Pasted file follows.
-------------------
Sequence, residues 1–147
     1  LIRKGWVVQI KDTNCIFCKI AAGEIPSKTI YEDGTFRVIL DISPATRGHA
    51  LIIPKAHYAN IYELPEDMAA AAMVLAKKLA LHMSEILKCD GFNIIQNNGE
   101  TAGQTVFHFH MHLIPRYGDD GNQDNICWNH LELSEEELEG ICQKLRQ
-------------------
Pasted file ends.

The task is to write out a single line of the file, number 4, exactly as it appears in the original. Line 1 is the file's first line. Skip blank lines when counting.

   101  TAGQTVFHFH MHLIPRYGDD GNQDNICWNH LELSEEELEG ICQKLRQ